I have the good fortune of being the CIO at the leading musculoskeletal hospital in the U.S., maybe even the world. Hospital for Special Surgery (HSS), located in New York City, was named the No. 1 orthopedic hospital in the country for the seventh consecutive year by U.S. News and World Report (2016-17). Every day, I have the privilege of leading a team that provides technology solutions to clinicians and staff working to get their patients back to doing the things they need and love to do. Excellence is the standard here, and the status quo is never good enough.
"While there is no perfect formula for success, building your team with experts, planning ahead and being disciplined in project management can help get the job done"
And, IT at HSS is a success—in 2016, we implemented electronic medical records (Epic) across our enterprise for both inpatient and ambulatory. As hospital leadership sees it, Epic is the ‘Operating System” of our hospital. We have improved patient satisfaction post-go-live, and IT staff engagement, as measured by Gallup, is way up. Most importantly, we have established a single source of truth for our clinical and patient financial information, the data bedrock of the organization. The dilemma? How do we move on from this success to the next set of challenges— fully digitizing the patient experience in an organization that is rapidly growing and transforming itself?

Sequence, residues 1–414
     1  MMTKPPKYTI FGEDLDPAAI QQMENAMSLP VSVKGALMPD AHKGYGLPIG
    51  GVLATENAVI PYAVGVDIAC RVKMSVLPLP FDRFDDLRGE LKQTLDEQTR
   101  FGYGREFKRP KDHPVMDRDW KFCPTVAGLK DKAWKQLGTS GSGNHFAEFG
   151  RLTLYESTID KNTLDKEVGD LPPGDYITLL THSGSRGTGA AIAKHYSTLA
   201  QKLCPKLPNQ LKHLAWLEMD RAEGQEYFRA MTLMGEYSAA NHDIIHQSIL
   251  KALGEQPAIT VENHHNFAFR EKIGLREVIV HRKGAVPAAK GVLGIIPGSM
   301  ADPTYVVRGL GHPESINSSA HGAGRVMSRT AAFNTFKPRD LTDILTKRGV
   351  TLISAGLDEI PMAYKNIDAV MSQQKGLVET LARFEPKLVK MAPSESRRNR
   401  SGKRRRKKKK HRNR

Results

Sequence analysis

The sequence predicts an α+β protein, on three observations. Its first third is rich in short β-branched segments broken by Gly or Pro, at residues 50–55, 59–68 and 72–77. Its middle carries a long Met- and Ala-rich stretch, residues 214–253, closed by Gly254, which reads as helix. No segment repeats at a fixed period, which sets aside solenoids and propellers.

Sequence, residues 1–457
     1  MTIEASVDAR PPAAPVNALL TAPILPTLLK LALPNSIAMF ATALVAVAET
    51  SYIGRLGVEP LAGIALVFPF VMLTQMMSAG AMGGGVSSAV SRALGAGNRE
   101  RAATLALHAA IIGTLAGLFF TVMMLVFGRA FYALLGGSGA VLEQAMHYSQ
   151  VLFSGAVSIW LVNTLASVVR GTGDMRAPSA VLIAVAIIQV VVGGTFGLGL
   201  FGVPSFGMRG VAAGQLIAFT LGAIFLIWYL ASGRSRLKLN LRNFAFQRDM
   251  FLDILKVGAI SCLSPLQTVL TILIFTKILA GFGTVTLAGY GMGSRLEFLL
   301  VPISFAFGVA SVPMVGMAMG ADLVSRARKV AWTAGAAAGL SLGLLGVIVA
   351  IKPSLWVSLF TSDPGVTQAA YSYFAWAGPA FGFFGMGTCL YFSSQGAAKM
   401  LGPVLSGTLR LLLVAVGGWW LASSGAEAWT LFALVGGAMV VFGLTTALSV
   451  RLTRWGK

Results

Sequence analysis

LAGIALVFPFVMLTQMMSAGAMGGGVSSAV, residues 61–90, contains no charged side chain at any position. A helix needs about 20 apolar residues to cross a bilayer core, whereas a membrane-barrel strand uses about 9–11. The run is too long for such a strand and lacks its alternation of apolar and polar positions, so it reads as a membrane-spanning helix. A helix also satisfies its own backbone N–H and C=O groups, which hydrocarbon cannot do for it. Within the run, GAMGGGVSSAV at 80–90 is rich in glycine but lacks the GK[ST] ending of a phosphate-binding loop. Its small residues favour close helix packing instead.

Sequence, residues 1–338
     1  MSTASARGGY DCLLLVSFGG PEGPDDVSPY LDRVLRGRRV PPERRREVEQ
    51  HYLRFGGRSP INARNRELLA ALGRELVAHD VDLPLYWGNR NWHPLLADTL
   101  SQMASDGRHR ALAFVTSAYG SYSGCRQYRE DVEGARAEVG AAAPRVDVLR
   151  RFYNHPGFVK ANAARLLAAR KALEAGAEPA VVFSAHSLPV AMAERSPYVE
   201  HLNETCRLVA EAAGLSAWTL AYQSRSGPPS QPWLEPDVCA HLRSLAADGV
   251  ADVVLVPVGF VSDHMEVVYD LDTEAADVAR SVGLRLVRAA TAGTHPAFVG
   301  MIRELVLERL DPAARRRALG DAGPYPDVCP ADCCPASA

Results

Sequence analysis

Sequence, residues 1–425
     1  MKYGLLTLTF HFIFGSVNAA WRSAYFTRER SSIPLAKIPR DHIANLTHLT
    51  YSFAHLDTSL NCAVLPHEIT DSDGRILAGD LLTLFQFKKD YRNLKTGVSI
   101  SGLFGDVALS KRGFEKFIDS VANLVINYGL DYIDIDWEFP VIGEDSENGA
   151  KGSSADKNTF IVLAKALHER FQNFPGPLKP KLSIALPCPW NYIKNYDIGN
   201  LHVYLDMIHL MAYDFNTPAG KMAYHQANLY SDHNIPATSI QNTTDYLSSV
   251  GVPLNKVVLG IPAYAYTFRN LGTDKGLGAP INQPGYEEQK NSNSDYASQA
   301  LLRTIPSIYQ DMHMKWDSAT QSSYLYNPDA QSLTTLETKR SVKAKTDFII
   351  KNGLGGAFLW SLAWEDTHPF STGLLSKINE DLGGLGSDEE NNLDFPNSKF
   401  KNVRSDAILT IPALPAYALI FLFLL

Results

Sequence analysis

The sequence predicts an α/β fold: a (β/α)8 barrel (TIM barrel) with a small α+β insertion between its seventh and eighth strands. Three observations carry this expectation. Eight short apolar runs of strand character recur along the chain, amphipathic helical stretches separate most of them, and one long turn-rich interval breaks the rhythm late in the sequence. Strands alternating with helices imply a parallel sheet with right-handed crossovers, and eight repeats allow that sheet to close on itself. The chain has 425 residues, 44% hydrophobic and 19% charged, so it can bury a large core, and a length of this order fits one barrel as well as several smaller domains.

First, here is some context about the future of my organization. We are poised to digitize our care delivery platform, which will allow it to be scalable, to meet the needs of consumers and patients around the country and across the globe. As the IT department, we play a major role in supporting and enabling this transformation.
If past success is a good predictor of future success, here is my ‘large scale project’ best practice list based on our recent Epic electronic medical record implementation:
1. People and Team: building the very best team, whether through external hires or repositioning internal high performers is key. Our IT Team for the project was a combination of existing IT staff, internal transfers from within hospital operations and external hires—a fantastic mix of talent and experience.
2. Planning and Resourcing: spending appropriate time (a year in our case) to plan for the implementation, including developing a detailed cost model that included contingency funds, was critical. Enterprise-wide software implementations and the related operational transformation processes are expensive. The organization must have the necessary funds to support such an endeavor—so clearly identifying all costs at the onset is required.
3. Organizational Buy-In and Imperative: maintaining the organizational focus and sustained energy needed for a project of this complexity would be challenging if everyone was not vested in the process and goals. Starting with the software selection activities, we included a cross-section of hospital staff including doctors, nurses, clinicians, and operational frontline staff. We made sure that there was a shared goal and an imperative to reach that goal. Our rallying cry became “One Patient, One Record, One HSS” signaling the organization’s recognition of the advantages of a single source of IT truth in delivering the best patient care.